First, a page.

Q-factor in series

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Parallel ac networks

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 The clock shown in diagram 22.5 is running at 1 MHz in the simulation of a 3-bit up-counter. Traces show the clock from top to bottom and A,B & C shows the output. At one mega hertz clock rates or less, we may ignore the propagation delays of  few nanoseconds.

 Figure 22.6 shows the result when we increase the clock rate by ten times and outputs are also plotted on 10 time scale. The Propagation delays are of more relative importance and we can observe them in the plots. 11 ns is a typical delay interval of the 74LS73 J-K flip-flop that is used in simulation . 
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Synchoroneous Counters

If we Clock all the flip-flops at the same time it will eliminate the ripple effect. Instead of having each stage to be clocked by the output from the previous stage, they are all clocked at the same instant by the clock input signal. The figure 22.7  below demonstrates such a counter composed of from 3 J-K flip-flops. It is thus known as a synchronous counter.
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The BCD counters are not binary counters. The Binary counters divide by 2 at each stage, and their outputs run from 0 to (2n - 1), where n is the number of stages or bits. The counter 4518 shown in the fig below is an example of a decimal counter.

In one IC there are 2 distinct synchronous counters . Each counter has 4 stages. In case of counting up, its outputs run from 0000 to 1001 (0 to 9) and then repeat again. It can also perform downward count. Another beneficial feature of this counter is that it contains four inputs, each stage has one, in order to make it with a value before counting begins. We can cascade the two 4518 counters for counting from 0 to 99 in binary coded decimal.
The circuit presented in the diagram is set up for counting clockpulses. However, in this counter or others we need not to count regularly occurring pulses. It is appropriate to count pulses that have varying length and occurring at irregular intervals of time. The one use of the circuit used, for instance, might be to accept input from a photodiode detector and count supporters passing through the turnstile of a football ground.
It is to be noted that the input is going to the clock input of bothcounters. The 4518 counter possess an ENABLE input which enables to perform counting when it is made high. The EN input of counter 1 is connected permanently to the positive supply line,  making this counter to count all the time.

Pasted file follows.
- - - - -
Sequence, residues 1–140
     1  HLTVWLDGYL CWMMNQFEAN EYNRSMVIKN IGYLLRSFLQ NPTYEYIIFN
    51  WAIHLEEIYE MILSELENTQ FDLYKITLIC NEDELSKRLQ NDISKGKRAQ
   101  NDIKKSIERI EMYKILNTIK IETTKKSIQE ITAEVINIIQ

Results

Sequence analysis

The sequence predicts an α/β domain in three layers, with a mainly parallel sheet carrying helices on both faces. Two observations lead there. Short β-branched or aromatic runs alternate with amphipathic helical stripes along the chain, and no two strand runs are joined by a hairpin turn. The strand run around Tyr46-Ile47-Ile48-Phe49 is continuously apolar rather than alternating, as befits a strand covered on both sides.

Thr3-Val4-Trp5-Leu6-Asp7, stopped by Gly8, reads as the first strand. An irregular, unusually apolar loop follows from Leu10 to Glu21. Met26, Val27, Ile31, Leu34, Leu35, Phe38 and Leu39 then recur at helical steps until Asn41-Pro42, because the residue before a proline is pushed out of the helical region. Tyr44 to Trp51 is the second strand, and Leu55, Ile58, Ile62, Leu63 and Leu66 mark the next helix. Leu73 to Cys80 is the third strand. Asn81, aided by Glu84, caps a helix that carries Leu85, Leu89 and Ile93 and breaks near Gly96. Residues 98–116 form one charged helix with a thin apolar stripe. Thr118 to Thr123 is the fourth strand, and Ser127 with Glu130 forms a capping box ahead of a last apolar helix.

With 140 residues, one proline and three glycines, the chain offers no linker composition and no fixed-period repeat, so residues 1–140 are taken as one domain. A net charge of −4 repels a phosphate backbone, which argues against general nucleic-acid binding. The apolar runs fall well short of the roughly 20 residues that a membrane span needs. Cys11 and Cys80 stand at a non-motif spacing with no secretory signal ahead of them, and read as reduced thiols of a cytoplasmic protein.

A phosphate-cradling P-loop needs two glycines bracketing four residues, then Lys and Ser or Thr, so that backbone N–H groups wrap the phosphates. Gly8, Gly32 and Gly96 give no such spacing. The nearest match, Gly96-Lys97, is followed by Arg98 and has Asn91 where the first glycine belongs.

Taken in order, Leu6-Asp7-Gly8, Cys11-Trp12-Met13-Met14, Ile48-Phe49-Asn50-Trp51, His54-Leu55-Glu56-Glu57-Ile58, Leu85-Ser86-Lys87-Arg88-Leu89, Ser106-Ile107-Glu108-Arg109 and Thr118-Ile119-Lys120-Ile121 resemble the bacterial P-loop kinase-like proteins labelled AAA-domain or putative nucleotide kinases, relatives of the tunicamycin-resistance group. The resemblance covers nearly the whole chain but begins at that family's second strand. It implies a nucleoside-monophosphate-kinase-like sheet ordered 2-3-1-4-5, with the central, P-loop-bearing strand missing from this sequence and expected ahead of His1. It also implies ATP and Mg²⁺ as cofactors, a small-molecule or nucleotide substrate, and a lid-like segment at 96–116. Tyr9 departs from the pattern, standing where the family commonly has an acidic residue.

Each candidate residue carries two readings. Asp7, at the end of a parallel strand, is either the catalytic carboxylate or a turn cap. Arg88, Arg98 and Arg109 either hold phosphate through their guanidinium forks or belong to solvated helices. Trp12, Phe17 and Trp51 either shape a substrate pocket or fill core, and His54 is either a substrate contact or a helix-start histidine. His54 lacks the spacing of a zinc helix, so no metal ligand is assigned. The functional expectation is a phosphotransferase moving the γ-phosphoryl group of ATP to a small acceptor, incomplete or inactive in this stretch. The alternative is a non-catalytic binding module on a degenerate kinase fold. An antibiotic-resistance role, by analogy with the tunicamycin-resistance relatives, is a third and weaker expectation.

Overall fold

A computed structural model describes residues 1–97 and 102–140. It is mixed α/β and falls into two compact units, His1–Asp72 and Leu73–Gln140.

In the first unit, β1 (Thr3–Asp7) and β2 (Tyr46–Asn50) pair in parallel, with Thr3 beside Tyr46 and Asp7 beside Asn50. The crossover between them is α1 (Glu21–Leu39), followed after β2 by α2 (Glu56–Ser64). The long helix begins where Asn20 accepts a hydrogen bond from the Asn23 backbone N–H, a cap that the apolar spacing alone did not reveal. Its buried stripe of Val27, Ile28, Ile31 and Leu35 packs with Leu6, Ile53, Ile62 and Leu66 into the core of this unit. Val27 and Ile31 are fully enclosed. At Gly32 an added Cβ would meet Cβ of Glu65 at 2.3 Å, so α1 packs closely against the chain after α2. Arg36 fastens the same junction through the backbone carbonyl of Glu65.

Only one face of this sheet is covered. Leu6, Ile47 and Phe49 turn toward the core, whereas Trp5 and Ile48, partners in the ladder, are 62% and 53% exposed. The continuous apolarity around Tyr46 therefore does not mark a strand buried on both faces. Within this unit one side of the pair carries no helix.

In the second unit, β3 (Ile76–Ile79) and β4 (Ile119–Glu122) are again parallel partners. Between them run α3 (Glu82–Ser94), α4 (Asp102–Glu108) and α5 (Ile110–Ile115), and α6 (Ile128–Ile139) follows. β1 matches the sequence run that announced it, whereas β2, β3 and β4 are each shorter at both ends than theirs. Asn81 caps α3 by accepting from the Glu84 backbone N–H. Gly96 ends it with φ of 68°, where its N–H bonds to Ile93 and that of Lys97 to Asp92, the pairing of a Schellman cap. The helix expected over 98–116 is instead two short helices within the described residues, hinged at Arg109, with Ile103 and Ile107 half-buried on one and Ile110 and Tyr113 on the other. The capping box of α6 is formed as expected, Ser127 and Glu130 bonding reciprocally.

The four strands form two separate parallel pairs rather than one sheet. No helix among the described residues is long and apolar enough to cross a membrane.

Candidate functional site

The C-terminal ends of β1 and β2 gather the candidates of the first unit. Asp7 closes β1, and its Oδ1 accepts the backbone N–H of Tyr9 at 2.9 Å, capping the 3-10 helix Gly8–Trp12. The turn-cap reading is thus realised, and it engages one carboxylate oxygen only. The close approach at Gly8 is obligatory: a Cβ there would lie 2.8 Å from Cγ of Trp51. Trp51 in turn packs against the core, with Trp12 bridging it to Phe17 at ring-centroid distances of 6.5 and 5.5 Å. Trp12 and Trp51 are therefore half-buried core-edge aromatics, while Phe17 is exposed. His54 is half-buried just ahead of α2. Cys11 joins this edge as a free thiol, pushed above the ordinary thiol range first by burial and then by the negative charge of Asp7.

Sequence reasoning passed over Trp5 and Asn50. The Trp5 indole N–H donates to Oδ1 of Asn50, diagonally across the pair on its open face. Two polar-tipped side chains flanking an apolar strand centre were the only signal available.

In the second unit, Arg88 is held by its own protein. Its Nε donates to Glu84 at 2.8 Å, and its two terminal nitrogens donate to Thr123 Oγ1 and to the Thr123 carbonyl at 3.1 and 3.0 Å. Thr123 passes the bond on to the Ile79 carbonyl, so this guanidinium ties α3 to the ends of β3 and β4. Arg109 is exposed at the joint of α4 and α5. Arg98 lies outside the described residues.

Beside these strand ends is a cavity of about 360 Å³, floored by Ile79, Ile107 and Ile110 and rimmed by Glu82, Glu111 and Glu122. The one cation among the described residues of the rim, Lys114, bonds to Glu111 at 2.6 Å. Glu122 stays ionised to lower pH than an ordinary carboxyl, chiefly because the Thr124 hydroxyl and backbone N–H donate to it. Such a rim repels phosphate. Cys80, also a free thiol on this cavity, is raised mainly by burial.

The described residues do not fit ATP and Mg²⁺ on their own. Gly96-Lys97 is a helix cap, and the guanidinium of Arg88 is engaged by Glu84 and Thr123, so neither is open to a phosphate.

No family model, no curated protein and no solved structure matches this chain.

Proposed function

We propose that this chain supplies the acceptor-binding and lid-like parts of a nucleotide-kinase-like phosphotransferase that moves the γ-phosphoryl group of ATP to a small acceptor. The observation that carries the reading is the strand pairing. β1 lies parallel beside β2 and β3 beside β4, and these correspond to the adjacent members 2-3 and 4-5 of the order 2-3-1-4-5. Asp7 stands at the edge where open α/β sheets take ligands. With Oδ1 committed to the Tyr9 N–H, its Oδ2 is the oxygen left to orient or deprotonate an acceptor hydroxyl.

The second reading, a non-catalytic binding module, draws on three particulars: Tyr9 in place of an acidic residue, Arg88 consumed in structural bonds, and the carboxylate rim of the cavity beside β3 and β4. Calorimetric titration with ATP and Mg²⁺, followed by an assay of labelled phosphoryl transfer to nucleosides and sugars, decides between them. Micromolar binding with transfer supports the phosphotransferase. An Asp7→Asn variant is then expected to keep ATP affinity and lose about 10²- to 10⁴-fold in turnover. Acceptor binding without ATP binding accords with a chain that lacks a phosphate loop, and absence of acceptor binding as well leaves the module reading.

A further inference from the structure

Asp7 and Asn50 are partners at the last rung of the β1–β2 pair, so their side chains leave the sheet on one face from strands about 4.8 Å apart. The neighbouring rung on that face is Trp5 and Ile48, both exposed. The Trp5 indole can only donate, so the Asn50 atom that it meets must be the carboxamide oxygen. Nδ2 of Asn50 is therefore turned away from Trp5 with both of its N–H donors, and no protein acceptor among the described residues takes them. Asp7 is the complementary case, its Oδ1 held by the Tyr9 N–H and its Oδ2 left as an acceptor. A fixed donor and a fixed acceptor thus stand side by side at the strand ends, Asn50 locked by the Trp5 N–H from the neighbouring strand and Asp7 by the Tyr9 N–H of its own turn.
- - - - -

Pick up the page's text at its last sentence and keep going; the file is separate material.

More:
The outputs coming from Counter 1 are decoded by means of a 2-input AND gate. The output of the gate would be low, If the count registered on Counter 1 is between 0000 and 1000 (0 and 8). This implies that the Counter 2 can not register any counts — it is in disabled mode. When point 1001 (9) reaches for counter 1, both inputs of the AND gate are high for the first time. The coming output goes higher and enables Counter 2. Counter 1 changes to ‘0’ and Counter 2 changes to ‘1’ at the next rising edge of the clock. The output of the AND gate goes low, and Counter 2 is disabled until Counter 1 again reaches ‘9’. The graphs drawn below demonstrates the sequence as the counters begin to count from 0 to 15.
There are some other counters (for example the counter 4029). These counters have a special OUT output that goes from low to high when counter start changing from 9 to 0. This output is then fed to the clock input of the next counter and increments its count. Like the 4518 count, the 4029 counter is an up/down counter and it is also a binary/decimal counter, and this one is  of the most versatile counters available.
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Robots in Industry

In recent years the application of robots has been tremendously increased in German, American, and other developed countries. The robots are yet to be introduced in the industries of under developed countries including some Asian countries, where the work is heavily carried in manual way.

The robotics application in industry is successful for the following reasons:
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The diagram shown below demonstrates one of the simplest type of active filters. It is composed of a resistor-capacitor passive filter that is followed by a non-inverting amplifier for the purpose of restoring or possibly increasing the amplitude of the signal.

With the values that are shown in the figure, the voltage gain level of the amplifier comes out to be 1.56. Shown below is the graph that displays the signals in this filter when it is supplied with a 1 V sinusoid at 1 kHz
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